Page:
MEXICO CITY— For the Latin American theater, the headlines on today's front page have become as rich a source of inspiration as the hallowed classics of Lope de Vega or Garcia Lorca. Exile, revolution, political repression, the foreign debt and drug trafficking are themes that are increasingly capturing the imagination of Latin American playwrights and directors, and it is precisely those concerns that permeate the works that will be performed at the monthlong Festival Latino at the Public Theater in New York, which begins this week.
In all, seven dramatic plays will be presented at the festival, some in Spanish, others in English or with simultaneous translation provided. A majority of the works are new, while a few are adaptations of novels, short stories or recognized international classics, recast to make them more pertinent to Latin American audiences. But whatever their origin, their principal objective is to address the social and political reality around them.
''The headline in a Chilean newspaper can be much stronger for us, may the gods of literature forgive me, than a work of Brecht, because it is something that belongs to us and resounds in our innards,'' said the Chilean director Raul Osorio, leader of the Investigative Theater Troupe that will present the allegorical ''No Mas.'' ''If a friend of mine has been tortured and he tells me about it, that has more force than literature. Our reality is much stronger, both more tense and intense, than any fiction I can find.''
This year's festival, the 13th, has a distinct Caribbean flavor, with two of its plays originating from Venezuela and others representing the Dominican Republic, Puerto Rico and Colombia, along with Mexico and Chile. In addition, three musicals written by Cuban-American playwrights are on the festival bill, as are a series of six films called ''Dangerous Loves,'' based on short stories of the Colombian novelist Gabriel Garcia Marquez, and the annual ''Concert for Peace and Friendship,'' this year featuring Dizzy Gillespie and jazz and salsa players from the Caribbean.
''Our goal is to develop a truly Latin dramaturgy, and in order to do that, we must always try to address themes with which our public identifies,'' said Cecilia Vega, who was born in El Salvador and is the co-director of the festival with Oscar Ciccone, a native of Argentina. ''Last year our theme was human rights, and this year we also have a pronounced orientation toward problems that relate to daily life.''
The play most likely to be familiar to New York audiences is an adaptation by the Fundacion Rajatabla of Venezuela of Mr. Garcia Marquez's novella ''No One Writes to the Colonel'' (Tuesday through Saturday). Set in a decaying Colombian port, it focuses on a retired military officer who has patiently been waiting decades to receive the first payment on the pension due him for services to his country. At the same time, the old man is struggling to emerge from the depression caused by the recent murder of his only son, a cockfighting enthusiast whose prize rooster is now the colonel's only prospect of making enough money to go on living.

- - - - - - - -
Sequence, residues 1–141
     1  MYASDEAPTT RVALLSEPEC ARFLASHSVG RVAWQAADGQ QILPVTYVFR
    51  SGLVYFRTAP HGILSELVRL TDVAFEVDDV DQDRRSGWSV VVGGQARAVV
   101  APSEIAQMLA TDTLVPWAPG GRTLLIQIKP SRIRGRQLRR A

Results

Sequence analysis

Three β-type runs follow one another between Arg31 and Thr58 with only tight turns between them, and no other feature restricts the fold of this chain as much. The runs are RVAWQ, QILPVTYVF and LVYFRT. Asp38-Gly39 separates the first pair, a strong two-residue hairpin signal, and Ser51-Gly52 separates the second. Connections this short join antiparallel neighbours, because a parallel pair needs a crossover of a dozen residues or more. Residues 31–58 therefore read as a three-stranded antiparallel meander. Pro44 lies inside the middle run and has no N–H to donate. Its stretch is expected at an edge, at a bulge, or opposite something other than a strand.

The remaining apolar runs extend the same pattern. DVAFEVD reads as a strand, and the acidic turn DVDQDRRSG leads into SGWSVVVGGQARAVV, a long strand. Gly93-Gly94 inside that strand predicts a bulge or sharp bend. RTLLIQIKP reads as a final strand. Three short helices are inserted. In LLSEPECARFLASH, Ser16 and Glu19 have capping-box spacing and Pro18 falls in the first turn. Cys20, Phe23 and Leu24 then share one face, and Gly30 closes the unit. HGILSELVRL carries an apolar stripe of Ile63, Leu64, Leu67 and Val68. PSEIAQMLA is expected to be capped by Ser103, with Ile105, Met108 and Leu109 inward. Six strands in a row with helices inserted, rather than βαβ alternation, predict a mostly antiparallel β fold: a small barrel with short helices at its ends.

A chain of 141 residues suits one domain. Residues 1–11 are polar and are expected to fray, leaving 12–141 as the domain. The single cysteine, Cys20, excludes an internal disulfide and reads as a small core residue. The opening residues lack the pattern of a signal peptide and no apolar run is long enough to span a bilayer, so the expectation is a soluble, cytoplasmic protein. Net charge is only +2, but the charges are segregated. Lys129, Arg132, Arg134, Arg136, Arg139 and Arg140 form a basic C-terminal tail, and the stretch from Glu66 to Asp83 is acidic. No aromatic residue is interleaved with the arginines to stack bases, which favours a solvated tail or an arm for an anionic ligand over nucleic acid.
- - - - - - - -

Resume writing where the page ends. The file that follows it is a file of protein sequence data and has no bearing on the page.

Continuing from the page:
''This story is one of tremendous topicality for Latin Americans, who hope that their hopes will not come to naught,'' said the director Carlos Gimenez, who adapted the story to the stage with other members of his Caracas-based company. ''All of us in Latin America are always waiting for a letter that never comes, always hoping that something will come along to change our destinies and the unjust fates of our countries.''
When Mr. Gimenez first read Mr. Garcia Marquez's novella, ''it read to me like the saga of a tragic personage, like King Lear,'' he said. In translating the story to the stage, he has emphasized that tragic aspect with a set he describes as ''permanently immersed in a climate of rain.'' As time passes and the colonel's quest seems further and further from fulfillment, the walls of his house crumble and his sadness at the death of his son grows into hallucination. This proud man, who refuses to wear a hat because ''that way I don't have to take it off to anyone,'' is even forced to exchange greetings with his son's murderer, who continues to roam the streets unpunished.
''This is a tragedy about daily life, about the common man who believes that happiness and joy are possible in the midst of a social landscape as terrible as ours,'' Mr. Gimenez said. ''When things happen to us in Latin America, it is never by halves. There is no equilibrium, so when it rains, towns get inundated and disappear, and when we have a revolution, half the population dies.''
Ultimately, however, the play ends on an optimistic note. When the colonel's wife chastises him, saying ''You can't eat illusions,'' he corrects her: ''You can't eat them, but they do nourish you.'' As we take leave of the colonel, he is sitting in a rocking chair at his window, hoping the next mail delivery will bring the letter he wants.
The script developed for ''El Paso, o la Parabola del Camino'' (''El Paso, or the Parable of the Path'') by the Candelaria Theater Company of Colombia begins much like ''No One Writes to the Colonel,'' with a group of people waiting hopefully in a small, desolate Colombian town, this time stranded at an inn by the breakdown of their car. But before the play ends, a clandestine arms shipment has been exchanged for a suitcase full of money and one of the innocent bystanders has been killed by two mysterious strangers.
By Larry Rohter
July 30, 1989
Source: The New York Times